- By Thomas E. RicksThomas E. Ricks covered the U.S. military for the Washington Post from 2000 through 2008.
The problem with the Iraqi army isn’t lack of training, or command and control structures, or insufficient counterinsurgency training. The forces they are fighting — and losing to — don’t have any of that.
The reason the Iraqi army won’t fight is that it lacks a reason to do so. This is a problem of governance. Their enemies are willing to fight and die for their cause. They advance in Toyota pickups, probably communicate via cellphone, and apparently have found little opposition from Sunni inhabitants.
Comment of the day: It isn’t just that Maliki is a jerk, Tom, it is also that he ousted some of his best commandersThomas E. RicksThomas E. Ricks covered the U.S. military for the Washington Post from 2000 through 2008. | Best Defense |
Josh Rogin covers national security and foreign policy and writes the daily Web column The Cable. His column appears bi-weekly in the print edition of The Washington Post. He can be reached for comments or tips at email@example.com.
Previously, Josh covered defense and foreign policy as a staff writer for Congressional Quarterly, writing extensively on Iraq, Afghanistan, Guantánamo Bay, U.S.-Asia relations, defense budgeting and appropriations, and the defense lobbying and contracting industries. Prior to that, he covered military modernization, cyber warfare, space, and missile defense for Federal Computer Week Magazine. He has also served as Pentagon Staff Reporter for the Asahi Shimbun, Japan's leading daily newspaper, in its Washington, D.C., bureau, where he reported on U.S.-Japan relations, Chinese military modernization, the North Korean nuclear crisis, and more.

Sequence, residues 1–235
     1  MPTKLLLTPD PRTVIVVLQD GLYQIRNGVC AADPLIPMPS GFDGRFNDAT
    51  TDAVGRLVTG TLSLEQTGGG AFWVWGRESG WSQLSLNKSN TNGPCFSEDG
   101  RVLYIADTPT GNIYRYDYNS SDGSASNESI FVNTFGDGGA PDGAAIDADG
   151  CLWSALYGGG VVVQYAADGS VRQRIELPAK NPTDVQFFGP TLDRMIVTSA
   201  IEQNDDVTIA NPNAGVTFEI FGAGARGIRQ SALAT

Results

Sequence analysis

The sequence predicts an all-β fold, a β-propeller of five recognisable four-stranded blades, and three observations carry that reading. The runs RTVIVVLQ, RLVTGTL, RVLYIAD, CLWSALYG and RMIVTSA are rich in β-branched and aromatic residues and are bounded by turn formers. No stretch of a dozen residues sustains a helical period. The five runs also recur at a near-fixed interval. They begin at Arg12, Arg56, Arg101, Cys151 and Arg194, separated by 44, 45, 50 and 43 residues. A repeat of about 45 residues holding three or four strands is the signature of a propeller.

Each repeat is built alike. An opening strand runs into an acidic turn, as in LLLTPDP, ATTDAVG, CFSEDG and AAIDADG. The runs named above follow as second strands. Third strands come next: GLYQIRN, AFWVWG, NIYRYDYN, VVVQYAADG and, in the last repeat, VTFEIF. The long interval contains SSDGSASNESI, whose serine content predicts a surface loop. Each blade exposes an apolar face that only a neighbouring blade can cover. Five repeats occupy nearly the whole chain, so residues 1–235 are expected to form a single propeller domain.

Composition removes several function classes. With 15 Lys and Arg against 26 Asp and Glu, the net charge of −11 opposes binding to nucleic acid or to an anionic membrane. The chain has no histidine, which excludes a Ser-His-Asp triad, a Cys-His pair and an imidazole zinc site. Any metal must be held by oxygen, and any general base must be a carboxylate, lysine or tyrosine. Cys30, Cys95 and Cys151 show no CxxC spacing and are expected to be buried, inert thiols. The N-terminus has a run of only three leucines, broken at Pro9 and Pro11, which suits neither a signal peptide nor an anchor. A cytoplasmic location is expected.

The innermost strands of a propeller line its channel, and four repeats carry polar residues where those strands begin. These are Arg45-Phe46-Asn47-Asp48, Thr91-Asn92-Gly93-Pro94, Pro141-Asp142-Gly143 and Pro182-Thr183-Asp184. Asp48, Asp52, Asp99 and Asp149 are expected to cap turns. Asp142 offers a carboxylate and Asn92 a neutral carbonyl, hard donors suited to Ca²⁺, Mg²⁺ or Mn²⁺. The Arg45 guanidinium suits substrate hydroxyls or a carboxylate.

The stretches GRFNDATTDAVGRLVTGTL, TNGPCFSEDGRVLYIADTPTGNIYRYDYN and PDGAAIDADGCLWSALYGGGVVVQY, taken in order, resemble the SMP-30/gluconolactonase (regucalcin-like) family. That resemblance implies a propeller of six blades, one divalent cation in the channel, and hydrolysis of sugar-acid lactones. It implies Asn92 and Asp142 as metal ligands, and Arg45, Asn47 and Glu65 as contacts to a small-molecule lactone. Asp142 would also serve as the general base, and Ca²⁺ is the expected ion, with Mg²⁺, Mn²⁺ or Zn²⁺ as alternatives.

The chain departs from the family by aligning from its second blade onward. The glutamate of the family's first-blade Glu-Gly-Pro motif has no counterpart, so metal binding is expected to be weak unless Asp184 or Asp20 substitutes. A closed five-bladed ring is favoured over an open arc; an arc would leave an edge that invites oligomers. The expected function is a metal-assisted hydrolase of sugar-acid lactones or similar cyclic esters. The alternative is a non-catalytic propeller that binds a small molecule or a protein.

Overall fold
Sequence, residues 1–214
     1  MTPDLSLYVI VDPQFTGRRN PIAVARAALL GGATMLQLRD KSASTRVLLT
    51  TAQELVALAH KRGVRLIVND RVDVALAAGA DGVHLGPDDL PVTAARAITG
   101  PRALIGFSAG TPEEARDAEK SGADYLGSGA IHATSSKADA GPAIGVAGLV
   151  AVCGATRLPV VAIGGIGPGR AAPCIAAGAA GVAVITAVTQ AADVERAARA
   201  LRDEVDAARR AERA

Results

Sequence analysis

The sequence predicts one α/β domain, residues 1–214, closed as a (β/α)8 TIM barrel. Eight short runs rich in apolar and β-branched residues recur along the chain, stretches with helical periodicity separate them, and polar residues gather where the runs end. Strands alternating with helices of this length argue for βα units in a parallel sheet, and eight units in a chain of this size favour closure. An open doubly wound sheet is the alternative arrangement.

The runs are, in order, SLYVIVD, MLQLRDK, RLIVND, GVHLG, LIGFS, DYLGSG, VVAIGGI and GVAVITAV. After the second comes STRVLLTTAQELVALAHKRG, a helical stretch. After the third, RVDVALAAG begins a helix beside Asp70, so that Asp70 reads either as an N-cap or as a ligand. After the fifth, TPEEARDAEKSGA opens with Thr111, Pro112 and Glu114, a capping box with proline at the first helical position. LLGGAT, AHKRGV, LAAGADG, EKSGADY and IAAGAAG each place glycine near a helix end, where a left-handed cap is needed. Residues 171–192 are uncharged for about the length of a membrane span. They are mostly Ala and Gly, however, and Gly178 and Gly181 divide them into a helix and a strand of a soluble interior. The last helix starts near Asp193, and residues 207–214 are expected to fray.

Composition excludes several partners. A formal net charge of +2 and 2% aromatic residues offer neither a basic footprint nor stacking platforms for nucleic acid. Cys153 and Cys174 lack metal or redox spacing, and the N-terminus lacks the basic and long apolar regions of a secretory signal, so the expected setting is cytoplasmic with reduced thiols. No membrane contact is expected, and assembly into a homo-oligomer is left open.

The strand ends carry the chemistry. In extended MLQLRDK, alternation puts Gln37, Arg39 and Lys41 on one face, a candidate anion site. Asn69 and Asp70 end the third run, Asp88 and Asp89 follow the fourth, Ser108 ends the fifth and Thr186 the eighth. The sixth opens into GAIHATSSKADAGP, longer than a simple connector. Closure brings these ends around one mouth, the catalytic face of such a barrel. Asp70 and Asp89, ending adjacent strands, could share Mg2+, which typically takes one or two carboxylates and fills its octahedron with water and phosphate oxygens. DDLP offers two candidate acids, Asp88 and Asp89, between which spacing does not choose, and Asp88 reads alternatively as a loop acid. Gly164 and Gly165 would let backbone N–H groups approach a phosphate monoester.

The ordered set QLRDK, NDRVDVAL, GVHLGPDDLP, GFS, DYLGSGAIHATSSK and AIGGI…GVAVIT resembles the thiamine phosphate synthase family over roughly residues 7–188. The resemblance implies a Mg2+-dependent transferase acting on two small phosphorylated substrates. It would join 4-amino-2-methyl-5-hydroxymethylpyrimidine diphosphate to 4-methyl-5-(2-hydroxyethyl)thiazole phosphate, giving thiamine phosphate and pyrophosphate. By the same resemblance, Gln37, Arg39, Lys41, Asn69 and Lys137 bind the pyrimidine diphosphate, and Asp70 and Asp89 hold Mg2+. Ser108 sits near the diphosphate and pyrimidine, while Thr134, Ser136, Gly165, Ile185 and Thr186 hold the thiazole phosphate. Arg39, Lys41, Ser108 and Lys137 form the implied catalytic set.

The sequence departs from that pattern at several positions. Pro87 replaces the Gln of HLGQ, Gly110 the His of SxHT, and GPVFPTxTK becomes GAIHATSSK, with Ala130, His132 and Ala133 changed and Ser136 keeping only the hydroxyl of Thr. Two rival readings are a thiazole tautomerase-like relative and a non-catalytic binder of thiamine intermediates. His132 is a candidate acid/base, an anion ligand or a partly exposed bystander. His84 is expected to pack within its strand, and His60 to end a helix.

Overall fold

A graduate of George Washington University's Elliott School of International Affairs, Josh lived in Yokohama, Japan, and studied at Tokyo's Sophia University. He speaks conversational Japanese and has reported from the region. He has also worked at the House International Relations Committee, the Embassy of Japan, and the Brookings Institution.
Josh's reporting has been featured on CNN, MSNBC, C-Span, CBS, ABC, NPR, WTOP, and several other outlets. He was a 2008-2009 National Press Foundation's Paul Miller Washington Reporting Fellow, 2009 military reporting fellow with the Knight Center for Specialized Journalism and the 2011 recipient of the InterAction Award for Excellence in International Reporting. He hails from Philadelphia and lives in Washington, D.C.| The Cable |